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Genetic approaches to probe spatial coding in the medial entorhinal cortex

Toader, Oana-Daniela

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Abstract

The medial entorhinal cortex is a key component of the brain’s spatial navigation and memory system. It is the site where grid cells were discovered, i.e. neurons that are active at several locations in an environment, thus giving rise to a hexagonal ’grid’-like firing pattern. Experimental evidence suggests that inputs from the hippocampus, medial septum, and other brain regions, together with specific local connectivity are factors that contribute to the emergence of the grid cell pattern. To date, it is not clear how the hippocampus, which is also involved in spatial behaviors and projects to the MEC, contributes to grid cell function. I addressed this question by recording grid cells in mice with impaired hippocampal function. My results suggest that impaired spatial hippocampal coding does not disrupt grid cell firing. Furthermore, I gathered evidence that the MEC, as opposed to the hippocampus, is required for path integration. To probe how specific MEC neurons support spatial behavior, we need tools to manipulate them selectively. To this end, molecular markers must be identified and assigned to functional cell types. Two promising candidates are reelin (RE) and calbindin (CB). These proteins are expressed in anatomically distinct cell types. While in vitro these neurons are distinct with respect to their electrophysio- logical properties, it is still unclear how these differences correlate to in vivo firing patterns. I addressed this question by using two mouse lines to optogenetically tag RE + and CB + neurons. I find no major difference between the two populations, except for the pattern of projections to other brain regions. Also, I reveal the existence of a previously unknown projection from the parasubiculum to the contralateral MEC, that, along with pyramidal CB + neuron projections, appear to inhibit the contralateral MEC. These results suggest that the firing patterns of RE + and CB + cells are surprisingly similar, and that these markers may be valuable tools for studying components of cross-hemispheric connections.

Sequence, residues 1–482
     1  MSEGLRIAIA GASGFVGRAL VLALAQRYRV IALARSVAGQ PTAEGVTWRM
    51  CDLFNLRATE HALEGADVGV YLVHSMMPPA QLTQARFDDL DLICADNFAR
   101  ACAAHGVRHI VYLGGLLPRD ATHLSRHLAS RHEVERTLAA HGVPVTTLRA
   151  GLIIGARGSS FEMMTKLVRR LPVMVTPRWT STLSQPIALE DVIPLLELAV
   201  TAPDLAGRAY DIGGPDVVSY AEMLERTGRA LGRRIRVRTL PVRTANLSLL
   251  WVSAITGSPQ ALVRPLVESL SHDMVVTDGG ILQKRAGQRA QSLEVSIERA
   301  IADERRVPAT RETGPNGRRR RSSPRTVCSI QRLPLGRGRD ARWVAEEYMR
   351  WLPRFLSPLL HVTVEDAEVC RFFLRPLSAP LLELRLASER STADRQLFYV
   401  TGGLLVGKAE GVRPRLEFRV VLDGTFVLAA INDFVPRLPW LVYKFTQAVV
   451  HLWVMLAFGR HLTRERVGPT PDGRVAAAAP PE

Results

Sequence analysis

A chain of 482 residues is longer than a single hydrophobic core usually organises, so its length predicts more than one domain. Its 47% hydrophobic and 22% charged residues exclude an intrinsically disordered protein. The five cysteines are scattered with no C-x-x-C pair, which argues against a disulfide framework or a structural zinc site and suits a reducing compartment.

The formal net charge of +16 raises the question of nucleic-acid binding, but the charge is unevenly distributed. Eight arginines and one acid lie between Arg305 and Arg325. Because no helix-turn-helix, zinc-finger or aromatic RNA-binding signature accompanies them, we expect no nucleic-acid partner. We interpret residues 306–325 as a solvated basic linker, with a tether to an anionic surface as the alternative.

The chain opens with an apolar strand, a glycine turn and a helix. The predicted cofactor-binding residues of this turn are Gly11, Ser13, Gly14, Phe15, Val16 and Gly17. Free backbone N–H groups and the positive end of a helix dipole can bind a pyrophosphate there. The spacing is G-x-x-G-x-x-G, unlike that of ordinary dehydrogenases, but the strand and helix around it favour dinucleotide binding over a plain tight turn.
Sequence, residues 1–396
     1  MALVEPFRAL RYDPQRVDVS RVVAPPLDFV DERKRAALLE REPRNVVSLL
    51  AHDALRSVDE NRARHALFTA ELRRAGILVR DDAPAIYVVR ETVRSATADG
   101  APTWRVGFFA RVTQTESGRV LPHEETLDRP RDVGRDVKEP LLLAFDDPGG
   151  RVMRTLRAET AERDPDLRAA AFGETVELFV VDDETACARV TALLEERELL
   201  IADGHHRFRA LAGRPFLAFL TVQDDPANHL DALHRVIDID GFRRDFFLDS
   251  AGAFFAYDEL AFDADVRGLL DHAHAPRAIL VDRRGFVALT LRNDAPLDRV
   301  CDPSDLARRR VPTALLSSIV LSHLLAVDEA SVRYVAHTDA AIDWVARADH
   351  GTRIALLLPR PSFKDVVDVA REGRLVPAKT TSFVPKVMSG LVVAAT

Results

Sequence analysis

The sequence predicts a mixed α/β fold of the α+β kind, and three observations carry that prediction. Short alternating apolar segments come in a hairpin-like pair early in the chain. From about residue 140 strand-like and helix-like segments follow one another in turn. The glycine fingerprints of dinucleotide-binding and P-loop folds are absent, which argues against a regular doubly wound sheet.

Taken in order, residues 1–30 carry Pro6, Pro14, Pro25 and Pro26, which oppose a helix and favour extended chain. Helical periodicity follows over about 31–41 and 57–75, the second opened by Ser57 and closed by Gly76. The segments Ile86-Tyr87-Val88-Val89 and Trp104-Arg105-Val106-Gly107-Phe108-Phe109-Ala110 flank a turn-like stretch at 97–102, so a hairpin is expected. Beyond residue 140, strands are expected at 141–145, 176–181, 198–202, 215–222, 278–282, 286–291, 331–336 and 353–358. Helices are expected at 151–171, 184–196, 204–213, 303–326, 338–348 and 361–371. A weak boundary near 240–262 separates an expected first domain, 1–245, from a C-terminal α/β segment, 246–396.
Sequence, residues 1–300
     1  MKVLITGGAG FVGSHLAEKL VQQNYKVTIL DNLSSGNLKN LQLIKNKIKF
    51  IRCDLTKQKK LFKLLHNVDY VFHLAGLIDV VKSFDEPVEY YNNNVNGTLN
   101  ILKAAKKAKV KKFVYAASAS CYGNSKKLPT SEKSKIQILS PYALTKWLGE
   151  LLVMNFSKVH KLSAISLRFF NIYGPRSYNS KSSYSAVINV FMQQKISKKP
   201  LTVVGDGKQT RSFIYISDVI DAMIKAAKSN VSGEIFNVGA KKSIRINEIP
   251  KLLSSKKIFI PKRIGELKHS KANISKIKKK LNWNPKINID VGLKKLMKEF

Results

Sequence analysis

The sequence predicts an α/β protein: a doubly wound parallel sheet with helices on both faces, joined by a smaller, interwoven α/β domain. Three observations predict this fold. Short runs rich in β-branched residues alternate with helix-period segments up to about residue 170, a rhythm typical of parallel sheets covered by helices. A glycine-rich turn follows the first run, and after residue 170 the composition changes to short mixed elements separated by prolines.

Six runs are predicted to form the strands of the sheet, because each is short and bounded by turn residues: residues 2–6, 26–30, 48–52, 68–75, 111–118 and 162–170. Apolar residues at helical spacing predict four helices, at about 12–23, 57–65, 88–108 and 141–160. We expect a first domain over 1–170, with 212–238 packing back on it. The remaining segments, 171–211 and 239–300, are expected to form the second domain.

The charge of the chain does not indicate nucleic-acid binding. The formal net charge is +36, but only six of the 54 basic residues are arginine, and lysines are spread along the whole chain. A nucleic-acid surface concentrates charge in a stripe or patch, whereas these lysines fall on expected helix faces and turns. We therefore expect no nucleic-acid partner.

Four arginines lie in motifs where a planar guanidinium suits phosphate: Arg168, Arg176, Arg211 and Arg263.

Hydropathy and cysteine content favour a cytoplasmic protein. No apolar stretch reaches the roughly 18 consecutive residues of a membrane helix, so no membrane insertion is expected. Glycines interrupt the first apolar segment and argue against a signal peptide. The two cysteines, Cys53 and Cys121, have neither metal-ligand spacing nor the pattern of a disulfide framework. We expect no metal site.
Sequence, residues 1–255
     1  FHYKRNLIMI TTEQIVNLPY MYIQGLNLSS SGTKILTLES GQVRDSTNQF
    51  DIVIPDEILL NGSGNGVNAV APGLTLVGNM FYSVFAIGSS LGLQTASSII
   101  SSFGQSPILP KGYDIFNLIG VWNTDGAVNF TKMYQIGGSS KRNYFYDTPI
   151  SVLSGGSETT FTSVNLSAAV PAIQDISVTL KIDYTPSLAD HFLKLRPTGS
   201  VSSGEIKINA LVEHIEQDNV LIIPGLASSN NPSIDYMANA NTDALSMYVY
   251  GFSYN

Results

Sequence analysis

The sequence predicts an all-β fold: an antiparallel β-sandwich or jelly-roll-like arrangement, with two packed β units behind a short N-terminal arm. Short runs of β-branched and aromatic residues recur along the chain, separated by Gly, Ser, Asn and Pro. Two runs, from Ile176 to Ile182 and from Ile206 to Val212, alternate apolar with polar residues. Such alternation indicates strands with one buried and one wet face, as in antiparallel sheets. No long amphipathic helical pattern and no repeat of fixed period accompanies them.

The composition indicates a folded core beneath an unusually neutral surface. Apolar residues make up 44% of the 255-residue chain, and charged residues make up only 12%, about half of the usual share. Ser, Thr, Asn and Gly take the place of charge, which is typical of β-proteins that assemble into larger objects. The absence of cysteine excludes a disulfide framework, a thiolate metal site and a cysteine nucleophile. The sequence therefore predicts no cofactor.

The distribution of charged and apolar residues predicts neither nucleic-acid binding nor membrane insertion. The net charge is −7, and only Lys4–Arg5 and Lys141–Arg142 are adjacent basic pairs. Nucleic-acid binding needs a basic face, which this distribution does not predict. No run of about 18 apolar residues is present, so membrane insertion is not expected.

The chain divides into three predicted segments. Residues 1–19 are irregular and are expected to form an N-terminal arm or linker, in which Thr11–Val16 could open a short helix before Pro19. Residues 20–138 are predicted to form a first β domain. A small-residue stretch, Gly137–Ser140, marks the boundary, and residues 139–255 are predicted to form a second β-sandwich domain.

Item Type: Dissertation
Supervisor: Monyer, Prof. Dr. Hannah
Date of thesis defense: 21 October 2016
Date Deposited: 28 Oct 2016 11:59
Date: 2016
Faculties / Institutes: The Faculty of Bio Sciences > Institute of Pharmacy and Molecular Biotechnology
Subjects: 000 Generalities, Science
570 Life sciences
590 Zoological sciences
600 Technology (Applied sciences)
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